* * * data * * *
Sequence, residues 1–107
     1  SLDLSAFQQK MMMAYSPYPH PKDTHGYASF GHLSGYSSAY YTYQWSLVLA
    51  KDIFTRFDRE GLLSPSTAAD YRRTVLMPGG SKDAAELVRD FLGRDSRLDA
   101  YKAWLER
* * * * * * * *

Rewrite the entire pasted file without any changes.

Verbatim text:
Sequence, residues 1–107
     1  SLDLSAFQQK MMMAYSPYPH PKDTHGYASF GHLSGYSSAY YTYQWSLVLA
    51  KDIFTRFDRE GLLSPSTAAD YRRTVLMPGG SKDAAELVRD FLGRDSRLDA
   101  YKAWLER